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For people with Down syndrome, family members, caregivers and professionals.
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Duration: 29 ms, Number of Results: 5
Abstract Individuals with Down syndrome (DS) have an increased risk for epilepsy during the whole lifespan, but especially after age 40 years. The increase in the number of individuals with DS living
Abstract Objective: The goal is to expand our knowledge of catatonia occurring in adolescents and young adults with Down syndrome (DS) by describing the first prospective, consecutive, well-
This health passport can be filled out by individuals with Down syndrome and their families to share information with health care professionals about how they can best support the individual.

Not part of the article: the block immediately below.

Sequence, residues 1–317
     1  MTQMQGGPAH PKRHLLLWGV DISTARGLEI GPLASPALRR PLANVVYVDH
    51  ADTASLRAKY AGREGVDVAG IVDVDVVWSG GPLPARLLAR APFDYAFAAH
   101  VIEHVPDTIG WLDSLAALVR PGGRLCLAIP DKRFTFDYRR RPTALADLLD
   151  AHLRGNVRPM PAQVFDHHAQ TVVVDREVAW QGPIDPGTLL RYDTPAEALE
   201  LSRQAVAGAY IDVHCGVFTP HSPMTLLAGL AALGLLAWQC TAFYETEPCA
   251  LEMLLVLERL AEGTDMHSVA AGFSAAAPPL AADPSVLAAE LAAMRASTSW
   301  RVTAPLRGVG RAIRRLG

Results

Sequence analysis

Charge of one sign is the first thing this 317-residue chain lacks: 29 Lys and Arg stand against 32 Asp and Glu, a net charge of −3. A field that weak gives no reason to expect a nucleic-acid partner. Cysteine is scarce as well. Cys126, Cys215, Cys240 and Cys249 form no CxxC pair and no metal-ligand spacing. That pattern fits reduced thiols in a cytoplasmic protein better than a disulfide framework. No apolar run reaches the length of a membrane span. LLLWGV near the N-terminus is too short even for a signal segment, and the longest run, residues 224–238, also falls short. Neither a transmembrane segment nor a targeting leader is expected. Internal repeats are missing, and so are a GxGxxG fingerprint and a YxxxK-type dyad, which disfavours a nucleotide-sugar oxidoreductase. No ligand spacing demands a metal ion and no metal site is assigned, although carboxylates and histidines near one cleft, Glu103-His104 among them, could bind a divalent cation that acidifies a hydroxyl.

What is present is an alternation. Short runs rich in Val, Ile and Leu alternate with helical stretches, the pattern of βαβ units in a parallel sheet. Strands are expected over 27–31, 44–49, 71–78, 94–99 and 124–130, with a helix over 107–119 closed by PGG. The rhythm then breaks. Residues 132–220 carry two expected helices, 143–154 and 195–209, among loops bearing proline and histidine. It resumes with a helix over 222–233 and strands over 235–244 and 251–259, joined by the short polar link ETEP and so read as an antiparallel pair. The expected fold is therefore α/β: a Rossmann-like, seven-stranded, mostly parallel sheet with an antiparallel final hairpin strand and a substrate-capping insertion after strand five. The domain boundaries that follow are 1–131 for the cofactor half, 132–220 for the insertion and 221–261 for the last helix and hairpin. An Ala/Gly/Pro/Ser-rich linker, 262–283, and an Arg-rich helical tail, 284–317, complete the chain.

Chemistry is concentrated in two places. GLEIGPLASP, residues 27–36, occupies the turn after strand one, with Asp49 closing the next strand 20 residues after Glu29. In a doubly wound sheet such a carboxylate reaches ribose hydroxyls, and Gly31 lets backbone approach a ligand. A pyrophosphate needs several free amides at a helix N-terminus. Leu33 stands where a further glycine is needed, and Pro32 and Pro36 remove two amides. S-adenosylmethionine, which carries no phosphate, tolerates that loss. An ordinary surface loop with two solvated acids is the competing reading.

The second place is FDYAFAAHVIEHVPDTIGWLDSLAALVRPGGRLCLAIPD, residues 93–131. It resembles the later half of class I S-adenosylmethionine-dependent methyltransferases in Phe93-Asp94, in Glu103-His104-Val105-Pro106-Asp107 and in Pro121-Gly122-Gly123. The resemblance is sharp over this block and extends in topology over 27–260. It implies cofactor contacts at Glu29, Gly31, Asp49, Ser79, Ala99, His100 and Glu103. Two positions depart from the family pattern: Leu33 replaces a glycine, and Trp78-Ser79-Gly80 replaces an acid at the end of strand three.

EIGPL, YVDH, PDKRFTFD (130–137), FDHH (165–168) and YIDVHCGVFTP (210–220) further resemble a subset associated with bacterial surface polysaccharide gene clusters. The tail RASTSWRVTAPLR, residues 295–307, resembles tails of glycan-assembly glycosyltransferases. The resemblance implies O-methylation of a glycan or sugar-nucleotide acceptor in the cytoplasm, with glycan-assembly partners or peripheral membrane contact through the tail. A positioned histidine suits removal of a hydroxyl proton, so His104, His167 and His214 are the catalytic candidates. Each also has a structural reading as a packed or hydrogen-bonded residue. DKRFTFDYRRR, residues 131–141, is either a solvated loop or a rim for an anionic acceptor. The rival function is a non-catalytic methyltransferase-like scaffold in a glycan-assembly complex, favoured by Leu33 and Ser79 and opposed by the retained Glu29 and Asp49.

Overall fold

Abstract: Objective: The aim was to examine whether the presence of pain (based on physical conditions and participants’ report) and self-reported pain experience in adults with Down syndrom
Abstract: The term dual-diagnosis refers to a person with mental retardation and psychiatric disorder. Most children with Down syndrome (DS) do not have a psychiatric or neurobehavioral disorder. Curr
Please note: The information on this site is for educational purposes only and is not intended to serve as a substitute for a medical, psychiatric, mental health, or behavioral evaluation, diagnosis, or treatment plan by a qualified professional. We recommend you review the educational material with your health providers regarding the specifics of your health care needs.